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Hegel wrote: "The owl of Minerva spreads its wings only with the falling of the dusk."

What did he mean? What is the owl of Minerva?

And what might David Brooks be trying to convey when he writes in a recent column: "But thatís the perpetual tragedy of life: the owl of Minerva flies at dusk."

March 10, 2007

Response from Thomas Pogge on March 16, 2007

"Minerva" is the Roman name of the Greek Athena, goddess of wisdom and philosophy, and associated with the owl (as preserved in the saying "bringing owls to Athens" which means bringing something to a place that already has more than enough thereof).

The meaning of Hegel's saying is that philosophy/wisdom takes flight only at the end of the day, after the day's main events have taken place. For Hegel, this was not tragic. His particular point is that it is only at the end of human history (which he associated with his own time, the early 19th century) that human beings can come to understand history's developmental logic. In fact, our coming to understand history is part of this developmental logic; and once we fully understand we are reconciled to history and thus would not have wanted history to have gone differently in any important respect.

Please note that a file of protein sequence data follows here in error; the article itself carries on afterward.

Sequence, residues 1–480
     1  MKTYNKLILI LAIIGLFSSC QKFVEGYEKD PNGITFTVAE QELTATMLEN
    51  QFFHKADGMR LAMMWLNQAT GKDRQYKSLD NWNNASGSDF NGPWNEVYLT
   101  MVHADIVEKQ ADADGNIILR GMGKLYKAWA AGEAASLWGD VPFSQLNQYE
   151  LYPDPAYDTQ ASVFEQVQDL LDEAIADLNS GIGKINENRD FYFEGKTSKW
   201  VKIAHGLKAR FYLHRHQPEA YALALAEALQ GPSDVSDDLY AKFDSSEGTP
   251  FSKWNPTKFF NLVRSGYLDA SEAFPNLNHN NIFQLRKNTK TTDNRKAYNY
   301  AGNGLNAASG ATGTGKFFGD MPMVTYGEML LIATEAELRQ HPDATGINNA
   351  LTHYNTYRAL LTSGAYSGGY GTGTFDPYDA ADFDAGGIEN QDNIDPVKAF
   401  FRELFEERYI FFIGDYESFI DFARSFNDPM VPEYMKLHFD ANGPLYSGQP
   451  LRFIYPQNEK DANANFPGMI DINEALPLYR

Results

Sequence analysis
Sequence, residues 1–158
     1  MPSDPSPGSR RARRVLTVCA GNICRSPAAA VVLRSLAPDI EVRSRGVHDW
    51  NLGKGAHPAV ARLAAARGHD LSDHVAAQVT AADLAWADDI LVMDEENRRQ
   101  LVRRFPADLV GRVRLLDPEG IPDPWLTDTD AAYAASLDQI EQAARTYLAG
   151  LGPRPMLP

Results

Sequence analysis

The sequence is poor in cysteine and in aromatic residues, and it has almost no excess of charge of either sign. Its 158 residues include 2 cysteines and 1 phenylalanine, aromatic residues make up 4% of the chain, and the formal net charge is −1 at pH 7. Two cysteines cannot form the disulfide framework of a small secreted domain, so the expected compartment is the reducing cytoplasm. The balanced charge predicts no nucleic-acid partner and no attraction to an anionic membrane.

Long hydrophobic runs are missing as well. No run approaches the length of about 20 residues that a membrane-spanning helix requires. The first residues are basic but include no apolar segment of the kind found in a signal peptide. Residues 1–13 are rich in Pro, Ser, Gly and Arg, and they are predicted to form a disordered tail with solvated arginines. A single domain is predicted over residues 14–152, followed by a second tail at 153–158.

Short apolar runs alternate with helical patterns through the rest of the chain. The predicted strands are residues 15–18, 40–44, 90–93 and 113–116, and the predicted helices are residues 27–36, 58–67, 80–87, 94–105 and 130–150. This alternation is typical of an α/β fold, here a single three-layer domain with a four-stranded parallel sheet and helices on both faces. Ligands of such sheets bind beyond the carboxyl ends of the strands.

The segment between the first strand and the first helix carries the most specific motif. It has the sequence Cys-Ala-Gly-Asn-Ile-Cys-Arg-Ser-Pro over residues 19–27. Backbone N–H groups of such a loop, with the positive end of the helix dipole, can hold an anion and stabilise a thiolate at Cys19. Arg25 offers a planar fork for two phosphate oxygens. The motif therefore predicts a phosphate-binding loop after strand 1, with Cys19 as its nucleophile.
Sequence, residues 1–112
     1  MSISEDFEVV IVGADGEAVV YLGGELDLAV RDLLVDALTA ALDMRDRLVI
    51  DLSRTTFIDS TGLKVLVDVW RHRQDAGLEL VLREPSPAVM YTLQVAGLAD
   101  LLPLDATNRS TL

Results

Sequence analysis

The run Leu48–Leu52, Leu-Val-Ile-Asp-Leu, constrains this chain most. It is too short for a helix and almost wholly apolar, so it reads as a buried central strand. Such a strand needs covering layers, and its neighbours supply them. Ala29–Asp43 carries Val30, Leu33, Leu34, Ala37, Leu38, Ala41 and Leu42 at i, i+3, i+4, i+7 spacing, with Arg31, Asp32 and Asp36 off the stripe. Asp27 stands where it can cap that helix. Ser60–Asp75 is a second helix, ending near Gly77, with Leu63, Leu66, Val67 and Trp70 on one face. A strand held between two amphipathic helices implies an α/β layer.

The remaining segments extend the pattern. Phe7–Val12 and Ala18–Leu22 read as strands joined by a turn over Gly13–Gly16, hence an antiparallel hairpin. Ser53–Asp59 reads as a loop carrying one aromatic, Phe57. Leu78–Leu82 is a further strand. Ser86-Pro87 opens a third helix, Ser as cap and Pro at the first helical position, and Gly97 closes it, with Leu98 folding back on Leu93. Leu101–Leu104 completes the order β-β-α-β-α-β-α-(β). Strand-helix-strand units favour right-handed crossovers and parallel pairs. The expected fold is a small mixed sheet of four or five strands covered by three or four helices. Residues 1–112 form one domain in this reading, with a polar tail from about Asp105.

As for David Brooks, I assume he meant that human beings tragically come to understand things fully only when it is too late. His specific reference was to the Bush Administration, which (he thinks) is now beginning to understand how it should have governed and acted (in regard to Iraq) even though its new insight is coming much too late.


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